BP will launch a final attempt this week to salvage a proposed alliance with Rosneft, the Russian state oil group, and intends to seek Russian government approval to buy out its billionaire partners in TNK-BP or do so in tandem with Rosneft.
BP has just four days to secure an agreement with the partners to lift the legal block on its proposed $16 billion share swap with Rosneft which expires on Thursday.
Failure to secure agreement by April 14 will jeopardize the landmark deal, which Bob Dudley, BP chief executive, hoped would turn the page after last year’s Gulf of Mexico oil spill.
The Russian partners are using the deadline “to crystallize a fight”, claimed one person familiar with the situation. “[They have] chosen this to make a stand to put maximum pressure to be bought out.”
“Oil prices are high and there is a concrete window of time to do a deal and the deadline is April 14. If the window goes by it will all fall apart,” the person said.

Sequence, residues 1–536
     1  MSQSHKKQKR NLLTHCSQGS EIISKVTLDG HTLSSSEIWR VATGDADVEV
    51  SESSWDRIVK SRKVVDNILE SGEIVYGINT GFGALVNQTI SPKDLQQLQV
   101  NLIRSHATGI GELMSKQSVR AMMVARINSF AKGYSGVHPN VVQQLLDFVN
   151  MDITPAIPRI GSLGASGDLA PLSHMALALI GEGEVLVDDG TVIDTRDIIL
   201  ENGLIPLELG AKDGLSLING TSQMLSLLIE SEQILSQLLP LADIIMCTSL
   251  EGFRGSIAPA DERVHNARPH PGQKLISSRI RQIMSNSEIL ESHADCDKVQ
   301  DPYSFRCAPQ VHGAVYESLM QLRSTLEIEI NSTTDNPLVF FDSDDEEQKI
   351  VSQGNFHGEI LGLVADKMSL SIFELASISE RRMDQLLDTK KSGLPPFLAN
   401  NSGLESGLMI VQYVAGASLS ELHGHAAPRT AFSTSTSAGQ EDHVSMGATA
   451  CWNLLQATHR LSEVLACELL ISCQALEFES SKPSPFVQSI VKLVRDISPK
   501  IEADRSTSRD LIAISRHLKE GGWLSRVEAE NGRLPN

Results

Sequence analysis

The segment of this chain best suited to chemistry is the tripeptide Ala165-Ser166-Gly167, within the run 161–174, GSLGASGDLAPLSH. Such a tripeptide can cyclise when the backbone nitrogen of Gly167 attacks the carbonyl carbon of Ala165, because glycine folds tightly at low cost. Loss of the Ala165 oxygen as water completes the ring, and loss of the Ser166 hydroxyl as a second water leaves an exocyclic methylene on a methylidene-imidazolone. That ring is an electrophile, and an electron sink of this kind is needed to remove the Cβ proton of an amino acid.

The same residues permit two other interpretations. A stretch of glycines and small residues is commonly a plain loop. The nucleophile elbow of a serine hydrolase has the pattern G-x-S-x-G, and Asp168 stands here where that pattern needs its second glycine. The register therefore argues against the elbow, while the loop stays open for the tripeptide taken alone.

However, a person close to Alfa-Access-Renova, the Russian partners, said the group was focused only on its arbitration with BP and on managing the company. AAR has repeatedly denied it is interested in selling.
Rosneft said it had not yet received any proposals on a buy-out but added: “If someone proposes something to find an exit before April 14, then there’s always a way out.”
BP declined to comment.
The legal actions taken by the Russian shareholders, led by Mikhail Fridman, have been threatening to jeopardize the pact BP struck with Rosneft for the share swap and an Arctic exploration deal.
AAR’s claims that the pact breaches their shareholder agreement with BP won them a second international arbitration ruling on Friday, extending a block on the share swap past the deadline.
AAR has already rejected an offer from BP of cash and the opportunity for TNK-BP to participate in BP’s international projects in exchange for waiving the deal.
However, a deal could yet be reached if BP receives permission from the Russian government to participate in any buy-out. Russian law forbids foreign entities from owning more than 50 percent in strategic companies.
Another scenario could be that Rosneft buys out AAR entirely.
A TNK-BP board meeting could be held by telephone on Wednesday.
With time running out, uncertainty is mounting over whether the two sides can reach agreement.
The position of Igor Sechin, the Rosneft chairman who backed the BP deal, has weakened amid infighting ahead of presidential elections.